Rather than zooming out and exposing the bigger picture, the larger forces at work, they zoom in. Rather than portraying reality as possibly fictitious, they heighten reality to the point of fictitiousness, at which point it merges back in to reality. In ETV this takes the form of the enlargement of the microscopic - the unconventional sex scene is the most obvious example, whereas in Melancholia the opening credits, which feature the end of the world in extreme slow motion set to Wagner in full flight, serve a similar function. Whilst these techniques are not necessarily in line with Baudrillard’s definition of the hyperreal as “the simulation of something which never really existed”, they do simulate things which are never really seen.
Unlike the nineties cinema of the hyperreal, much of the sheer force of Melancholia and ETV stems from the way in which both films champion showing over telling. Neither adopt traditional narrative forms; ETV in particular is a largely visual and auditory experience, with long psychedelic sequences composed purely of colours, lights and patterns. This harks back to what Gunning termed, in reference to films of the early 1900s, the cinema of attractions, which “directly solicits spectator attention, inciting visual curiosity and supplying pleasure through an exciting spectacle”. The unique nature and possibilities inherent in cinema, which I have written further on here, were perhaps better understood in these early days of emergence and initial discovery. As a form of new technology, cinema’s power, its ability to conjure numinous experiences for purposes of both good and evil, were oft cited by both its champions and its fiercest critics. This power was achieved by almost entirely visual means - by utilising the sheer scale of the screen and a variety of camera and editing techniques as they emerged, to trigger the cogs and gears of the imagination, to kick start the subconscious.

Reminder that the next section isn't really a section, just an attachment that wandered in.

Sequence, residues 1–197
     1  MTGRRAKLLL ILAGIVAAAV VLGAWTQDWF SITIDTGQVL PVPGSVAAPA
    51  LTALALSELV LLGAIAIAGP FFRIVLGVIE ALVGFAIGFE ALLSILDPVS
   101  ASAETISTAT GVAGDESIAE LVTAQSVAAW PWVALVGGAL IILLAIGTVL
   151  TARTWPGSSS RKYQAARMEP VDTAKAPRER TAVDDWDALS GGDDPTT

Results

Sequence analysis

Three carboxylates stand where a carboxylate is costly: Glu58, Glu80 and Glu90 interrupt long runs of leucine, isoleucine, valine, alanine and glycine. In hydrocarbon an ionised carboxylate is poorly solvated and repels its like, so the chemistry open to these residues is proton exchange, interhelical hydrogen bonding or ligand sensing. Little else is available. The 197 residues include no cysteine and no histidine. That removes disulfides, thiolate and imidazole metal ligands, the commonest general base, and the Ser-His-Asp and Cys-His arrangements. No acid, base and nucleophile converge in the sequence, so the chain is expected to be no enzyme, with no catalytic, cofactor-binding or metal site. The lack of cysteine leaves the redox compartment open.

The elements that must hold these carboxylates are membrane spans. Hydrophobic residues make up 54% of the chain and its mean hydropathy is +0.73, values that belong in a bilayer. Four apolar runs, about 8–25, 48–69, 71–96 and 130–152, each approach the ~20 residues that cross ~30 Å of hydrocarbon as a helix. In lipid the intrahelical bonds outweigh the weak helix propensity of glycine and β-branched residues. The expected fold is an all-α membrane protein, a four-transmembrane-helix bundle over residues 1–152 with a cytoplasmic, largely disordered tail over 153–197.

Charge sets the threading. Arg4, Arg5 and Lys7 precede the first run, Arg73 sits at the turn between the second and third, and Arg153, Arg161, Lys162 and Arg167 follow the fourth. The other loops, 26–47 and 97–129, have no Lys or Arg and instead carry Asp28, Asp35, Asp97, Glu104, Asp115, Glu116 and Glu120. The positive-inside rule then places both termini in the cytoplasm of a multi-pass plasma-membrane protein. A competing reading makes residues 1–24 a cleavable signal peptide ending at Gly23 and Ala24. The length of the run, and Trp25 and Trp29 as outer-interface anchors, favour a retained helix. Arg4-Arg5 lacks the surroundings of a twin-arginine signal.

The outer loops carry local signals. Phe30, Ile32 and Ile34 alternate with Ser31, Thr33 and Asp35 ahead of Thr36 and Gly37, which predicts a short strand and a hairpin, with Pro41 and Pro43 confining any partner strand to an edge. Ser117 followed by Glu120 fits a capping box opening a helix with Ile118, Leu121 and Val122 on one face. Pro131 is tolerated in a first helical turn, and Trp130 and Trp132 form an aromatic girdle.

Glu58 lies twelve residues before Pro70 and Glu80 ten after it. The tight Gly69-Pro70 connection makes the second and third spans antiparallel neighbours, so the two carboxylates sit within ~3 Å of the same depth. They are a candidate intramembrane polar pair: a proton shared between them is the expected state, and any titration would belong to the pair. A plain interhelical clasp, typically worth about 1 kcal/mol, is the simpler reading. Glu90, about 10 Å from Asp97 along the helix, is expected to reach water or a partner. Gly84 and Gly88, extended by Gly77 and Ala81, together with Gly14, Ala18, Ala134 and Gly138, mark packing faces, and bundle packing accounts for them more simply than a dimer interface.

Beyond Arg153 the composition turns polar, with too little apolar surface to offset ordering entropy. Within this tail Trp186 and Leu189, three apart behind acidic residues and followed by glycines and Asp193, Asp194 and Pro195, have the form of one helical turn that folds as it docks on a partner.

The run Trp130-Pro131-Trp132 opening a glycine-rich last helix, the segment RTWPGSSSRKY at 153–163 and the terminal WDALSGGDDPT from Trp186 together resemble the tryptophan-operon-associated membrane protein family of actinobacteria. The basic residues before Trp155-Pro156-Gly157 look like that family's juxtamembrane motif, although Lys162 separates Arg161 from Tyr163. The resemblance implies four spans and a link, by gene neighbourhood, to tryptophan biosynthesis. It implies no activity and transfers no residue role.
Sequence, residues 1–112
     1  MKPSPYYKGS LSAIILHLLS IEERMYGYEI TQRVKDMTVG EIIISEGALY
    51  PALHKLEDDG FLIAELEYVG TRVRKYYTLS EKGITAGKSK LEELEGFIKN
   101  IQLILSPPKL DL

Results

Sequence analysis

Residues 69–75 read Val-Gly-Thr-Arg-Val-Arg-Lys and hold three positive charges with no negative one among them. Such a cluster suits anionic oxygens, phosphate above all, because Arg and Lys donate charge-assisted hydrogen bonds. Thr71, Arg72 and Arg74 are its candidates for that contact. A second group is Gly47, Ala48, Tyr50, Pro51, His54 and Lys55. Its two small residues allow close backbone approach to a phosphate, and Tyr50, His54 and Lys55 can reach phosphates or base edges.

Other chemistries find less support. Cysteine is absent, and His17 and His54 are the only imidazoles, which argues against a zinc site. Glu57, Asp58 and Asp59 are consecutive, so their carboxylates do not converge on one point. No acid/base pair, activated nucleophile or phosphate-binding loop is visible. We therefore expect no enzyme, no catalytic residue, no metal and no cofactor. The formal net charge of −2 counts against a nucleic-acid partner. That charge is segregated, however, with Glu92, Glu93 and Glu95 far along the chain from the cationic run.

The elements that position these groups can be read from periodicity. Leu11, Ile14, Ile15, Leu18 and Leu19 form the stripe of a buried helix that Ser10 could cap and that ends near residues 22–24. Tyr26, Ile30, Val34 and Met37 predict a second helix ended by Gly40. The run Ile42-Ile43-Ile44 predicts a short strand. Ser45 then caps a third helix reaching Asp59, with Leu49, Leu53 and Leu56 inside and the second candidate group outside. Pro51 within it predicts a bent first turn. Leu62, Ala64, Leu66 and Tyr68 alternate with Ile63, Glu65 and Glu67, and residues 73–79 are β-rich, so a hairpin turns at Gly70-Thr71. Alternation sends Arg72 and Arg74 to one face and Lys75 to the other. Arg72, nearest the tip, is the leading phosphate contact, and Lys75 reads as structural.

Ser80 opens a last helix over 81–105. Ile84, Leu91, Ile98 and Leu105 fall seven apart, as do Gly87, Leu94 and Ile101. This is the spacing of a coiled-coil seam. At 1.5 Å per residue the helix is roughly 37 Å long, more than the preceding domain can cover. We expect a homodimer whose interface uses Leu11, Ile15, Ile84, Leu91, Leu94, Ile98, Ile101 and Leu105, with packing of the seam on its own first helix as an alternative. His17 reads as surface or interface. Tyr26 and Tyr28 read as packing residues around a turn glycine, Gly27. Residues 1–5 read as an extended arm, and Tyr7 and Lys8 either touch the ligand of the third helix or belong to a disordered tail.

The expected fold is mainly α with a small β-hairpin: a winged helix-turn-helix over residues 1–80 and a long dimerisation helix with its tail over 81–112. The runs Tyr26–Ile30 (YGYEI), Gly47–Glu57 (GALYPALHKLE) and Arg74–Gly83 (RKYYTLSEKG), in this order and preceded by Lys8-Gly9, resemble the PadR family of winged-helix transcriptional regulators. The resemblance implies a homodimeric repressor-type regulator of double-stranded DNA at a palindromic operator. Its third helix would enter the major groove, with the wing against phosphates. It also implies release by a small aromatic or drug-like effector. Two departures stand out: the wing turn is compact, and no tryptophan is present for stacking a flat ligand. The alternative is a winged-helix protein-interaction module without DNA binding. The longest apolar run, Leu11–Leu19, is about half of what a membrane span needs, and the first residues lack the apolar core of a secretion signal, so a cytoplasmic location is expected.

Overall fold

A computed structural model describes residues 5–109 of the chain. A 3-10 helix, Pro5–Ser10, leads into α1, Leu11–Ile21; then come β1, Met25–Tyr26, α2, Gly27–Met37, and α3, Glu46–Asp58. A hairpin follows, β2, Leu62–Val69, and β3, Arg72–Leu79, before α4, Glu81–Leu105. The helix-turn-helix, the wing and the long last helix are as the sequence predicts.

Upon the introduction of the talkies, however, much of this understanding of the medium was lost and outside of the avant garde narrative and more literary forms of storytelling prevailed. Von Trier and Noe’s recent adventures in filmmaking, however, serve to reclaim cinema as a sensory experience, a workout of the imagination not unlike a session on Freud’s sofa.
Neither are afraid of using shock tactics, of risking puritanical accusations of vulgarity, pretentiousness, the utilisation of cheap thrills. For these ingredients form part of the director’s toolkits for raising the numinous experience- every time the audience is confronted by a disturbing image or sensory ordeal, such as the horrific car crash motif in ETV, the devastating final moments of Melancholia, or the notorious rape scene in Noe’s earlier Irreversible, they are catapulted out of the fictional story world by fright and forced to ask why it is that they feel confronted or assaulted.
Each ordeal acts as a wake up call. Why, for example, did I feel nauseous during the opening credits of ETV? Was it the strobe-like visuals, the pounding electronic music? Was I being manipulated entirely by what I was presented with? Or did the graphics trigger something else, a deeper primal instinct, a raw nerve, a buried fear? All of this before even being immersed in any form of narrative. The stimulation of visuals and audio had acted as a springboard back into my own life. I was thus able to discover the real, via the hyperreal.